What to Expect
This blog series will highlight some of the techniques I use in solid wood case construction. My previous blog, about building the New Gloucester rocker, covered nearly every step in photographs with an occasional video. This blog will not detail every step along the way, but will rather explore key details of case construction using primarily videos. The videos are “rough takes” since I’m not going to spend the extra time to edit them. In those situations where my wife wasn’t available to film, you’ll see me walking over to the camera to stop filming. This may be rough, but the information is hopefully good.
Watch this video that introduces my blog about building the Dr. White’s chest. I look forward to sharing this blog series with you!
I’m giving my daughter her late mother’s wardrobe, which I built in 1990, as a wedding gift. I’m building the Dr. White’s chest as a replacement for my wife. This put me on a time constraint and necessitated a less time-consuming video approach to this blog. The original plan was to build the Dr. White’s chest for my daughter. In fact, she picked out the design. As I was looking at the interior of the old wardrobe to refresh my memory about drawer frame construction, I realized that my daughter might want her mother’s wardrobe. I offered it to her and she made the switch to the heirloom. This was “win-win” as my wife is heavily engaged in the construction of Dr. White’s chest.
Thos. Moser designs wonderful furniture. Follow this link to view Moser’s design of the Dr. White’s chest on his web site. His 1985 book, Measured Shop Drawings of for American Furniture, provides many useful details for construction. His 2011 book, How to Build Shaker Furniture: The Complete Updated and Improved Classic , removes the instructions for the hidden compartment. How’s that for complete, updated, and improved? To be fair, it wouldn’t be a secret compartment if the construction plans were readily available in a book in this digital age…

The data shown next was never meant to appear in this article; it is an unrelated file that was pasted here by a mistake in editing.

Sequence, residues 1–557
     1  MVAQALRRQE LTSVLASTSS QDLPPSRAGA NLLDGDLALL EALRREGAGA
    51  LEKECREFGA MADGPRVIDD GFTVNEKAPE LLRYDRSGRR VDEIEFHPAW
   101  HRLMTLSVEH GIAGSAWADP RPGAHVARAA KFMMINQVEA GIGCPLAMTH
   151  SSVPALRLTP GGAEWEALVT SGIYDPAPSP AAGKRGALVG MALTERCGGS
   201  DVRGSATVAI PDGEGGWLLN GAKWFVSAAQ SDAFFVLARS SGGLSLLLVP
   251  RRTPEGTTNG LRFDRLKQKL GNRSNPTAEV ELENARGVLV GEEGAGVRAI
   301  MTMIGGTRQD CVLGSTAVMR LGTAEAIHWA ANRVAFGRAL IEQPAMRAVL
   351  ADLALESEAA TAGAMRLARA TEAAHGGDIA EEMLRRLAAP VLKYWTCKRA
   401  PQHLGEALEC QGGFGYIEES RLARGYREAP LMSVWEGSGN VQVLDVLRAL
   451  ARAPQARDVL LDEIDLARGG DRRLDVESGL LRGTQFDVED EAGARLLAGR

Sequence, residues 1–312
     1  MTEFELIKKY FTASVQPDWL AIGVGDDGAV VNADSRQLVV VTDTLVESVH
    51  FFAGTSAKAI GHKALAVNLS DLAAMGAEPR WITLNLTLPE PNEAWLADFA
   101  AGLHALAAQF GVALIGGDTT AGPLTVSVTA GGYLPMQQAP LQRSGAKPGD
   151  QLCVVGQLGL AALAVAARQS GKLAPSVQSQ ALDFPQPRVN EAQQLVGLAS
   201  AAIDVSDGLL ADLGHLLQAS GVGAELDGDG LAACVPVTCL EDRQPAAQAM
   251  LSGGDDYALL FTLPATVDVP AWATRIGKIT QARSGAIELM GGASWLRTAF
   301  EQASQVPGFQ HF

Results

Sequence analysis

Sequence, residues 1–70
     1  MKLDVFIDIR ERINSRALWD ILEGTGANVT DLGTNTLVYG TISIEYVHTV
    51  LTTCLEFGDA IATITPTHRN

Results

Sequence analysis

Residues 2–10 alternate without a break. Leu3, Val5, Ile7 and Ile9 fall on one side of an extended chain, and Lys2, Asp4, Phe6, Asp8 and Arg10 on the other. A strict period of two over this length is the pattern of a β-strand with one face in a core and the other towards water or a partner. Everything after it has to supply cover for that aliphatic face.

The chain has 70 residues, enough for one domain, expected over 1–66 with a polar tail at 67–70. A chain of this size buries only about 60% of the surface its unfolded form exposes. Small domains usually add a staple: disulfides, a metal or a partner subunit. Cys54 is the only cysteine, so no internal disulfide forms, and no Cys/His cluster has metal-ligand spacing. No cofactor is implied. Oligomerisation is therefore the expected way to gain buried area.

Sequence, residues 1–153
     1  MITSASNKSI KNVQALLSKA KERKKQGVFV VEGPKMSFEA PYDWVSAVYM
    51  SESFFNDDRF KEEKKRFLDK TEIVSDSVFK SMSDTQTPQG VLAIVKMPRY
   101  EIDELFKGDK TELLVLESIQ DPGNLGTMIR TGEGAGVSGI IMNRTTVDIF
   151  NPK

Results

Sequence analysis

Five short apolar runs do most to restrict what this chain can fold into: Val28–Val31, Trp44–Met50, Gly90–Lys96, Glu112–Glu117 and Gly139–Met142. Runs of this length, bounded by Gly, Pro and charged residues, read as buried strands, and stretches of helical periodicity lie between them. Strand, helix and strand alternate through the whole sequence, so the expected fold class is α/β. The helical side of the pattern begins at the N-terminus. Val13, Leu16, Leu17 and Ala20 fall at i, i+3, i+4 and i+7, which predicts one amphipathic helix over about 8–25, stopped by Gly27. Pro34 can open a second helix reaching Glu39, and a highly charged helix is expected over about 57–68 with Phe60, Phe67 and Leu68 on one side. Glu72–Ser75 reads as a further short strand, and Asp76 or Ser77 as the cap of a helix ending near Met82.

I’m not slavishly following Moser’s design. Rather, I’m adapting it to my own tastes and needs. I’d rather have storage space than a hidden compartment, so I made the center stile narrower. I don’t care for bull-nose trim on such a large case piece, so I opted for a more proportional cove molding. I also modified the base by cutting feet into the side rather than just into the front. This gives the case a more dynamic look as it rests on the floor. Other design changes include things you can’t see such as using multiple mortise and tenon joints for the bottom of the cupboard section and the very bottom of the case.
In the next blog entry, we’ll explore multiple mortise and tenon joints.
-- Mark, Minnesota